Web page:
Clarice also has spent a lot of time working with one of Bettina's daughters, who suffers from a chronic disorder.

"My mother went through all the training to use the equipment to work with her and began working with her on a daily basis," Bettina said. "She went from unable to sit up at 1 year old ... and in a few months was sitting up, standing up and even walking.

"I think my mother was a therapeutic presence for her," Bettina said. "I don't think anyone else could have done it."

Challenges aside, though, Clarice said life is good. Her granddaughter, for example, brings joy to her life.

"She's such a happy child," Clarice said. "It's so nice to be around someone who's happy all the time. She wakes up from a nap happy. She falls down, picks herself up and is happy. She's fun to be around."

That positive attitude is, in fact, Clarice's secret for enjoying life.

"Even with all the bad things, we don't realize how rich we are," she said. "We're so wealthy compared to the rest of the world. We should spend more time appreciating what we have instead of complaining that someone else has more."

No one could accuse Clarice of failing to appreciate the world around her.

"It just seems like time is full. I don't have a lot of time," she said.

These days, in addition to finishing up a couple of classes for her degree, she also enjoys reading, walking on the beach, working in her greenhouse and traveling.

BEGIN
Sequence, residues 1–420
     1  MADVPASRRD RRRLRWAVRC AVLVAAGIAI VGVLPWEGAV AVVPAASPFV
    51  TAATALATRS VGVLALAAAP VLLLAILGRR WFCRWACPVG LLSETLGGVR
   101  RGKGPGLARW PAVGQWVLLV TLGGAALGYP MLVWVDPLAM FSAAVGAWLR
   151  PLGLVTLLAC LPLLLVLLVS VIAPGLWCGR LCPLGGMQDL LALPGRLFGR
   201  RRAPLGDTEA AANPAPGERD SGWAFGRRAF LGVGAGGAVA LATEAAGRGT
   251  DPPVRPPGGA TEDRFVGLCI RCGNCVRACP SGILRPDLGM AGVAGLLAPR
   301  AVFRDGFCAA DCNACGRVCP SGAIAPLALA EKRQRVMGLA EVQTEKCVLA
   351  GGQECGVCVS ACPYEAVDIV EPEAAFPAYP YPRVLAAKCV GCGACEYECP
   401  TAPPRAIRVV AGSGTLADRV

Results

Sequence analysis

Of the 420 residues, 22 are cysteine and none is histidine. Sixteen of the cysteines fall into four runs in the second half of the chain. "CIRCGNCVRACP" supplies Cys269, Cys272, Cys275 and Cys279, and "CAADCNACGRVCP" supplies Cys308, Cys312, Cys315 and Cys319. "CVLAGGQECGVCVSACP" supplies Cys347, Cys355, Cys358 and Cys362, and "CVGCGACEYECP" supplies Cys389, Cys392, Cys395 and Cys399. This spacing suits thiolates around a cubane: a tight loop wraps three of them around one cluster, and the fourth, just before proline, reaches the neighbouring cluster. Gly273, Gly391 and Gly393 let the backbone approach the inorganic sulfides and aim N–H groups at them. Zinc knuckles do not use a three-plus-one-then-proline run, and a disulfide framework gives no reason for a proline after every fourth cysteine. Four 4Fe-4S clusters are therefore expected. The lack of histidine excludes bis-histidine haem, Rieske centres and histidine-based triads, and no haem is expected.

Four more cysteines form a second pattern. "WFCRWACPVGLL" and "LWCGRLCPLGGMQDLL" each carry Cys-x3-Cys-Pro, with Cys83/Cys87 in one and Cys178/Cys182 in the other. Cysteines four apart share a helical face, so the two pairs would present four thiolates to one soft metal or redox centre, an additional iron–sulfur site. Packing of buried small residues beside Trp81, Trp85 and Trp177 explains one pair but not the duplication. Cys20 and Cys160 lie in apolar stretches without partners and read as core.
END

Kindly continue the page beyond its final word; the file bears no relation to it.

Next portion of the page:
"I have never seen that woman bored in my entire life. Never," Bettina said. "I don't think she's capable of it. She simply would refuse to do it."

Of course, now that she's graduating, Clarice might find a little more free time on her hands. But she said she's sure it will fill up quickly.

She and her daughter Melanie, a music teacher, have discussed offering joint art and music classes for area children, though Clarice said they don't have it all planned out.

"I haven't decided what I'm going to be when I grow up," she laughed.

In fact, she said she might even continue taking classes at KPC, in art anyway.

"I don't have a particular goal in mind, but I might take a watercolor or life drawing class," she said. "There's so much to learn. How can you stop?"